Canceled language law in Ukraine sparks concern among Russian and EU diplomats
The European Parliament has approved a resolution on Ukraine, which among other things calls on the country’s MPs and the new government to respect the rights of minorities, particularly when it comes to the use of languages.
Ukraine’s new leaders should distance themselves from extremists and avoid any provocation that might fuel "separatist moves,” MEPs said, the parliament’s press service reported. MEPs said that the new government should respect the rights of minorities in Ukraine, including the right to use Russian and other minority languages.
The resolution, proposed by six political groups in the European Parliament, urges Ukraine to ensure that its new legislation complies with the European Charter for Regional or Minority Languages.
The Ukrainian Parliament (Verkhovna Rada) abolished the 2012 law “On State Language Policy” the day after it voted to dismiss President Viktor Yanukovich. The law allowed the country’s regions to use more official languages in addition to Ukrainian if they were spoken by over 10 percent of the local population. Thirteen out of Ukraine’s 27 regions, primarily in Eastern Ukraine, then adopted Russian as a second official language. Two Western regions introduced Romanian and Hungarian as official languages.
Polish Foreign Minister Radoslaw Sikorski said Ukrainian MPs were wrong to cancel the law.
“The parliament of Ukraine has made what I believe to be a mistake a few days ago, cancelling a law on regional languages,” he told CNN, commenting on the current instability in the Crimea, where the majority of the population speaks Russian. “The new Ukrainian government should signal very eloquently to the ethnic minorities in Ukraine that they are welcome in Ukraine; that they are going to be part of the new Ukraine. And also Ukraine is a member of the Council of Europe, [with] its laws on protecting minorities.”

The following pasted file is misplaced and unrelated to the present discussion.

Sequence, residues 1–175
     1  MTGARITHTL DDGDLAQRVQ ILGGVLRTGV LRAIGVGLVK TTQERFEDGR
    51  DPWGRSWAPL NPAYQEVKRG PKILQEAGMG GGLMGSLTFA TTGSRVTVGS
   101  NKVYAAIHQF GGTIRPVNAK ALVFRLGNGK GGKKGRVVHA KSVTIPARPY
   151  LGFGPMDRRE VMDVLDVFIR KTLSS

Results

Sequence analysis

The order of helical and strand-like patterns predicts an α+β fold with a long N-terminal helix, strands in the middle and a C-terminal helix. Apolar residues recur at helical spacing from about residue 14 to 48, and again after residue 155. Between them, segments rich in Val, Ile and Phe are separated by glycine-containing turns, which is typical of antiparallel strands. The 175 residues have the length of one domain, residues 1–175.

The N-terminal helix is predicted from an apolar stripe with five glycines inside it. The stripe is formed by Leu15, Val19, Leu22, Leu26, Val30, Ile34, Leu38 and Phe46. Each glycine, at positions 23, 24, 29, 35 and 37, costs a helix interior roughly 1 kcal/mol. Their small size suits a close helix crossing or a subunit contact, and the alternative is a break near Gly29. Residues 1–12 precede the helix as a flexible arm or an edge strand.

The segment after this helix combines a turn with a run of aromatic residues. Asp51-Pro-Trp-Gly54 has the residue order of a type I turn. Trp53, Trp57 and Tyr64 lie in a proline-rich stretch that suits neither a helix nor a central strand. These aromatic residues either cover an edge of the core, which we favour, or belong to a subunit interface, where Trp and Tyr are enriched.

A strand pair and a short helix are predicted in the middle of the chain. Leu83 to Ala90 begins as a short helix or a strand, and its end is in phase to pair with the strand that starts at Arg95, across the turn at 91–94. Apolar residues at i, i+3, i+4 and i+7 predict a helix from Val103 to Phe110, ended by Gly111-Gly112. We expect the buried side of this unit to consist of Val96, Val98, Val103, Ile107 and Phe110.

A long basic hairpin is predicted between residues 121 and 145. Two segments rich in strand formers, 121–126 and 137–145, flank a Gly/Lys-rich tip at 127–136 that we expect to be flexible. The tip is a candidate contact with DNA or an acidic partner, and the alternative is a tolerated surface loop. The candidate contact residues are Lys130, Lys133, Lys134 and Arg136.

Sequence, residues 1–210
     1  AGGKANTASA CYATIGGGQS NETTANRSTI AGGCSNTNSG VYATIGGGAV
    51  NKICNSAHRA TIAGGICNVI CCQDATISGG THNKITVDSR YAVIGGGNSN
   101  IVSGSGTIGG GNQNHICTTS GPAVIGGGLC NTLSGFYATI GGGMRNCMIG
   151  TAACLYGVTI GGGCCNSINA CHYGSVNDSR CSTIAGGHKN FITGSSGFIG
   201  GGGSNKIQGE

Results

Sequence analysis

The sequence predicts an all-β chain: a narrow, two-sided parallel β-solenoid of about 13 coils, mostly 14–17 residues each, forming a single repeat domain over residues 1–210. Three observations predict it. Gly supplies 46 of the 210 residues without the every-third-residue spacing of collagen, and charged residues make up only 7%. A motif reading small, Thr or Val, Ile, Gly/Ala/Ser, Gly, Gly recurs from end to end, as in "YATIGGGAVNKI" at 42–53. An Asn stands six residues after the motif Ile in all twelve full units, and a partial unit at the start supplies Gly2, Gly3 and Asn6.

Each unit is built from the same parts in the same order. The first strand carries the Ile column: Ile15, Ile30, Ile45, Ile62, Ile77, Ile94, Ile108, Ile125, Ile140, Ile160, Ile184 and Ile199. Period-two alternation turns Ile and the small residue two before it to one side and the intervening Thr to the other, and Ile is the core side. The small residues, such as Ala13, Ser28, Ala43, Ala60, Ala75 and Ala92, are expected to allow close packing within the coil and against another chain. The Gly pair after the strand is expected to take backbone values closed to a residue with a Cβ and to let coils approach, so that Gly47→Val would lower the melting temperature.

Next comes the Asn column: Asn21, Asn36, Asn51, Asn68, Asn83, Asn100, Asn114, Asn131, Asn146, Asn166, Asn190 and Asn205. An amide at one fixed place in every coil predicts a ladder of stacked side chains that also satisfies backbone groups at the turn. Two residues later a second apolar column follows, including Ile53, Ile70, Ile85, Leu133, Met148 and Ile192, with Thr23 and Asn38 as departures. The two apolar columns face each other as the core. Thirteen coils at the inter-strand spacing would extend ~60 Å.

A much stronger reaction earlier came from Konstantin Dolgov, the Russian Foreign Ministry’s commissioner for human rights.
“Attack on the Russian language in Ukraine is a brutal violation of ethnic minority rights,” he tweeted in a comment on the abolition of the regional languages law.
An estimated 40 percent of the Ukrainian population speaks Russian, and the repealing of the language’s official status has been met with criticism by many citizens.
Activists in the Western Ukrainian city of Lvov, largely perceived as home to strong anti-Russian sentiment, decided to have a day of the Russian language to protest the Rada’s decision. The initiative was taken up by the city’s mayor, Andrey Sadovoy.
"I’m proud of those in Donetsk and Odessa who speak Ukrainian, although it’s not their native language. I’m proud of those in Lvov who today speak Russian in solidarity with the East of the country,” he said, Ukrainian Vesti daily reported.
The Russian Foreign Ministry has expressed its concerns over the overall human rights situation in Ukraine. Among the most acute issues, the ministry cited “infringement of the right to speak [people’s] native language, discrimination based on ethnicity or country of origin, attacks and acts of vandalism performed on monuments of historical and cultural heritage as well as on places of religious worship.” Monuments associated with Ukraine’s Soviet and imperial Russian past have been torn down all over the country in the last few days. As well as statues of Lenin, symbols of the victories over Hitler and Napoleon have also been destroyed or damaged.
Following the international and domestic criticism, acting
Ukrainian President Aleksandr Turchinov ordered the Ukrainian
parliament to urgently draft a new language bill, the press
service of PM Arseniy Yatsenyuk’s Batkivshchyna (Fatherland)
party has said.
The law will be “completely balanced” and will “take into account the interests of the east and the west of Ukraine, of all the ethnic groups and national minorities,” Turchinov said.